Charity is Damien Hirst’s twenty-two foot high painted bronze statue of a Spastics Society collection box. The collection box is a young girl clutching a teddy bear with her leg in callipers and is depicted as having been broken into, with a large crow bar and coins scattered in the surrounding area.
Charity was originally installed outside White Cube gallery in London as part of Damien Hirst's 2003 exhibition Romance in the Age of Uncertainty.
This publication shows Charity exhibited at Royal West of England Academy of Art in Bristol which is open to the public until May 2012.
Damien Hirst was born in Bristol in 1965. He first came to public attention in 1988 when he conceived and curated ‘Freeze’, an exhibition of his own work and that of his contemporaries at Goldsmiths college, staged in a disused London warehouse. Since this time Hirst has become widely recognised as one of the most influential artists of his generation.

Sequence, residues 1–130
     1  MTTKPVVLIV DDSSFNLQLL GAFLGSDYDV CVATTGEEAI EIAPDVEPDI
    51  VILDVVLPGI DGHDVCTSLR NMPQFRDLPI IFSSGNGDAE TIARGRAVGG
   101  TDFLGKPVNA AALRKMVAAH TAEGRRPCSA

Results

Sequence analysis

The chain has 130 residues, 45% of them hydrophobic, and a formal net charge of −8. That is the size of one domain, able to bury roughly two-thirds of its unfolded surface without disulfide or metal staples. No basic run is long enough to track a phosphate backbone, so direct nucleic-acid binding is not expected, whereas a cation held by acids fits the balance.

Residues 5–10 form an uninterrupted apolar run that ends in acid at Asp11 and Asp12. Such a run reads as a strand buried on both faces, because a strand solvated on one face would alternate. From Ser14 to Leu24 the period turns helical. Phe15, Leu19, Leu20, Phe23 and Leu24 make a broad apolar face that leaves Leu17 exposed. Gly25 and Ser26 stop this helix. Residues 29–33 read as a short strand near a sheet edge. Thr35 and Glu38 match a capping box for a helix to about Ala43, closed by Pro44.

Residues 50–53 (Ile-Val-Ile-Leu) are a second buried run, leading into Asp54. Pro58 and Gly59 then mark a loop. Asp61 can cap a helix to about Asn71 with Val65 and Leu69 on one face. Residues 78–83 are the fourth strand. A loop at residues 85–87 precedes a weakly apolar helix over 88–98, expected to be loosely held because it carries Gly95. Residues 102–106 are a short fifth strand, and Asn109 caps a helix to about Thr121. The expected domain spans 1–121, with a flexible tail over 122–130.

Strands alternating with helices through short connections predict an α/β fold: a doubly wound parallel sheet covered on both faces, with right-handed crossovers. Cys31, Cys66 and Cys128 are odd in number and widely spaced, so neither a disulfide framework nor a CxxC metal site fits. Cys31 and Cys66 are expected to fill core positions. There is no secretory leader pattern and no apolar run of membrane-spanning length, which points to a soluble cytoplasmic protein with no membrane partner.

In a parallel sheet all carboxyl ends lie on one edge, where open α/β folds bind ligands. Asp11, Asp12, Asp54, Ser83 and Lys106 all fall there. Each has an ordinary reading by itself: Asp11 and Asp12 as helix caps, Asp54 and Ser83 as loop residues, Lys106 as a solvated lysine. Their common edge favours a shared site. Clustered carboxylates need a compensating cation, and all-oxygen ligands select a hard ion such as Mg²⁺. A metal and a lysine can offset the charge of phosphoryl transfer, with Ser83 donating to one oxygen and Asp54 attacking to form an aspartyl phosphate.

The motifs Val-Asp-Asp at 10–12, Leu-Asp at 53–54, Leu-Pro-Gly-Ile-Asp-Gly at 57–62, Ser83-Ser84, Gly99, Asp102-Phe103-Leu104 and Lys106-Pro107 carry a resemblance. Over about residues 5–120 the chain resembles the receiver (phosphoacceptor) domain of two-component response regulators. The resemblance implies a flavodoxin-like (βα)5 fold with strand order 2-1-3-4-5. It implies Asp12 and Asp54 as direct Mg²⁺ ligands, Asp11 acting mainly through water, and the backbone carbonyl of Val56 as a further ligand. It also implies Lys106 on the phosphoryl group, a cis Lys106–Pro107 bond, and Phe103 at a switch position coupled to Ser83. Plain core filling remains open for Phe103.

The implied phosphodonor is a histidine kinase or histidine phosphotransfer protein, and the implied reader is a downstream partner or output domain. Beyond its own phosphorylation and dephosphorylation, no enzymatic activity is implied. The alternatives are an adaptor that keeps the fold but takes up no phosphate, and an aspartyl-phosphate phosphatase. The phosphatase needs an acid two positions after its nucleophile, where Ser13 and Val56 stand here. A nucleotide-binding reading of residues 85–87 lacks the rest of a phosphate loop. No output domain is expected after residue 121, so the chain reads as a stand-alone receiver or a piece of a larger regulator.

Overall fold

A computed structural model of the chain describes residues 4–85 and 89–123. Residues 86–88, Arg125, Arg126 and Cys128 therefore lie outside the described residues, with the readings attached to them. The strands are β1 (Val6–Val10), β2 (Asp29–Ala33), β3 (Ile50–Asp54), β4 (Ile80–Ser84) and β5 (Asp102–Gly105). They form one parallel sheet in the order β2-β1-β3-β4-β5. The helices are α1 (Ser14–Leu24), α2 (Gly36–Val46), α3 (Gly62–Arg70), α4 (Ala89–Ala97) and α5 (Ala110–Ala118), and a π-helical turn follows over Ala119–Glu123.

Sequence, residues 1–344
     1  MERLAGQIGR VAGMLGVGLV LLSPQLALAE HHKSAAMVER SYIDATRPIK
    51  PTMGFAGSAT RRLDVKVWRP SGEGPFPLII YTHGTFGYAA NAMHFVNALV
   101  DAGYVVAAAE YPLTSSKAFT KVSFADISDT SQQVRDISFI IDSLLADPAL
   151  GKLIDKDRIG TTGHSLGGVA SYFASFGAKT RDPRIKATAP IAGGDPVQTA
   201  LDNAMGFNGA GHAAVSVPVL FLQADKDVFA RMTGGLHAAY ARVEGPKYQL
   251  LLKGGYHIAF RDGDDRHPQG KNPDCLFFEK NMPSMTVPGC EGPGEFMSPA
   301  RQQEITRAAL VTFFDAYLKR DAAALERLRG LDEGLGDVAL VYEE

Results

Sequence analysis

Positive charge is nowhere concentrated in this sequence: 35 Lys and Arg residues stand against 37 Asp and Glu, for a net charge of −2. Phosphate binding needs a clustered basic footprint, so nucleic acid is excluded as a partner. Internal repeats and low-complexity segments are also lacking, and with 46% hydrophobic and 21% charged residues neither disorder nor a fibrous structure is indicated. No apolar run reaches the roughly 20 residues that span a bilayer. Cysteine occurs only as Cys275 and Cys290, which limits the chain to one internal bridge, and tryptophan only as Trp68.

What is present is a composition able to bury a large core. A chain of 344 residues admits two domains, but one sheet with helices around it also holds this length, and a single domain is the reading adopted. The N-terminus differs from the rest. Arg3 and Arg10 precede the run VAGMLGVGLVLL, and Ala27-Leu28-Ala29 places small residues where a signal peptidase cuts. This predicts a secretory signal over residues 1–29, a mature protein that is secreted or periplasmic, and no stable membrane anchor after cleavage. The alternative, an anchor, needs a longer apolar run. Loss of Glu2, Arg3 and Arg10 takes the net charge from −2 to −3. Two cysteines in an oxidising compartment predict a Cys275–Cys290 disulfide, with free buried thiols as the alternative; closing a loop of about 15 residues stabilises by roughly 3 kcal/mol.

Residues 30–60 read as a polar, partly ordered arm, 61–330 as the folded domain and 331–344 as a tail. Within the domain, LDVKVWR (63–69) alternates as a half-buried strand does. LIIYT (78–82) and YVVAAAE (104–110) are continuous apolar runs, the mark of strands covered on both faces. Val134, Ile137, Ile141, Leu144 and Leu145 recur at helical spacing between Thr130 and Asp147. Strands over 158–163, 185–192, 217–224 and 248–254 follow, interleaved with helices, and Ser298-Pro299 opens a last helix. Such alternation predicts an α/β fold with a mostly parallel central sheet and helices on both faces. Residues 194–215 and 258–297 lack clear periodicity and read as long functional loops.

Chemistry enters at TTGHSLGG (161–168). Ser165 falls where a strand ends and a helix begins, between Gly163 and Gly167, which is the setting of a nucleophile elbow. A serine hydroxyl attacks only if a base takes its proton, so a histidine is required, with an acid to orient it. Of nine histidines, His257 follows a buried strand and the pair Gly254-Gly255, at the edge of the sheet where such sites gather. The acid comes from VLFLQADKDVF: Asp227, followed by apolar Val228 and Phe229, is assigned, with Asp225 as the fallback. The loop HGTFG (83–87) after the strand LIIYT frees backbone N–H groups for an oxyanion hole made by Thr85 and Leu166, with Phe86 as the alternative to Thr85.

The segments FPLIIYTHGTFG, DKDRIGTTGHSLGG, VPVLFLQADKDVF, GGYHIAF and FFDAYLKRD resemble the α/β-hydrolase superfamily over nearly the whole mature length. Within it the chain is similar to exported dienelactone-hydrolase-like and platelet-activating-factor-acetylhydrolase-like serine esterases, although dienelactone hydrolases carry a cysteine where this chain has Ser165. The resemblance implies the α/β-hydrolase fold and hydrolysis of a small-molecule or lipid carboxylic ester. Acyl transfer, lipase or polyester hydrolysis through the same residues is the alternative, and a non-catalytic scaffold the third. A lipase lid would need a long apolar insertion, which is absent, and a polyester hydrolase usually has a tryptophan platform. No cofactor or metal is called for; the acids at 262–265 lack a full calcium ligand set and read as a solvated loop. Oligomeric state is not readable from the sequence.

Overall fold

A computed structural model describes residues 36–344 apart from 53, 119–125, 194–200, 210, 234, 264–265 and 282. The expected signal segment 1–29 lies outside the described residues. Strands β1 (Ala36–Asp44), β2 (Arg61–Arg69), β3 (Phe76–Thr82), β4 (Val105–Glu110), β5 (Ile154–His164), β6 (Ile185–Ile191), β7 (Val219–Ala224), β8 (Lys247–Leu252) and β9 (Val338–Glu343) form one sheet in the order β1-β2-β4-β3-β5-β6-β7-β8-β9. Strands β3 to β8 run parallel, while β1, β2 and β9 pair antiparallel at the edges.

Through a varied practise of installation, sculpture, painting and drawing Hirst has sought to explore the complex relationship between art, life and death. Alongside over 80 solo exhibitions he has worked on numerous curatorial projects. In 2008, Hirst took the unprecedented step of bypassing gallery involvement in selling 244 new works at a Sotheby’s, London auction entitled ‘Beautiful Inside My Head Forever’.
Hirst was awarded the Turner Prize in 1995 and his contribution to British art over the last two and a half decades has been acknowledged in a major solo retrospective exhibited at Tate Modern, London. He lives in Devon and has studios in Gloucester and London.
Text © Damien Hirst & Science Ltd., All rights reserved, 2012